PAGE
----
Informed Sources: Don't use that laptop on this plane!

Are some new aircrafts' tray tables corrupting laptop hard drives?

By Salon Staff

Published December 8, 1997 9:20AM (EST)

Last week Wanderlust received an e-mail concerning an aircraft problem we hadn't heard of before -- magnetized tray tables apparently corrupting a laptop hard drive. The e-mail is reproduced below. Have any of you road warriors experienced this problem? Let us know, and we'll pass along the alert! Write to

Recently, two colleagues were traveling to
Belgium on Sabena Belgium World Airlines. They were seated in row 6 of the plane, where seats contain
the tray tables in the armrest section of the seat. They set up their
tray tables and proceeded to use their laptop computers. During the
flight, both their PCs began experiencing problems, and soon they were
unable to use their PCs. Apparently the tray tables were magnetized,
so that they would not jostle and make noises while stored in the armrests.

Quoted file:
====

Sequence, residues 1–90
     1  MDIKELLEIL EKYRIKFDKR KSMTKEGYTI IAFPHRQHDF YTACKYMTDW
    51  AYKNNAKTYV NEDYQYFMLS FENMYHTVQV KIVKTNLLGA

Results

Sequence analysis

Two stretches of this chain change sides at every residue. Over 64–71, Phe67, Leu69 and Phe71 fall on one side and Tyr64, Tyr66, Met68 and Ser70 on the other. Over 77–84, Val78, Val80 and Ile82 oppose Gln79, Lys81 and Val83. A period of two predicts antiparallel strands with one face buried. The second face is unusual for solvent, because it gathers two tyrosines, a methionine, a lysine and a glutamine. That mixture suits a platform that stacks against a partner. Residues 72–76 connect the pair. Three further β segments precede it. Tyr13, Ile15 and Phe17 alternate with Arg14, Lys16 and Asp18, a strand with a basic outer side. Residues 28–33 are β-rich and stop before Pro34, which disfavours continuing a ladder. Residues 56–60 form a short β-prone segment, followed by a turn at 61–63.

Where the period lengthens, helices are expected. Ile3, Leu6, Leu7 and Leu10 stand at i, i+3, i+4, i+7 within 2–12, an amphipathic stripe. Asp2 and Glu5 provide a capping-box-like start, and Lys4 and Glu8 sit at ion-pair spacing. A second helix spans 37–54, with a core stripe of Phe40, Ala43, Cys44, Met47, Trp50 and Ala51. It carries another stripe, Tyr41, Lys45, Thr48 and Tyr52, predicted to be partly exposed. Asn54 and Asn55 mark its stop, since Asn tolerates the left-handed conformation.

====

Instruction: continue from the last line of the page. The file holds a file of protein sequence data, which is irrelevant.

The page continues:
The magnetized trays corrupted the hard drives of both laptops.

On this
particular Belgium flight, the aircraft happened to be a new Airbus 340,
which explains why this problem has not surfaced until now. The problem seems
to be with a specific European aircraft seat manufacturer. As far as I can determine, USAir,
Northwestern and United have no plans to utilize these magnetized trays
in their new Airbus aircraft, and Boeing and McDonnell Douglas also have no
plans to use these magnetized trays in their new aircraft. There
have been no reported cases of other types of aircraft experiencing
this problem.

The purpose of this notice is simply to make travelers
aware of the "potential" problem, especially on Airbus aircraft built
for European-based airlines. If the tray table appears to be magnetized
(use a paper clip to see if it sticks), then I would advise people not to use
their laptop computer on these trays.

Salon Staff

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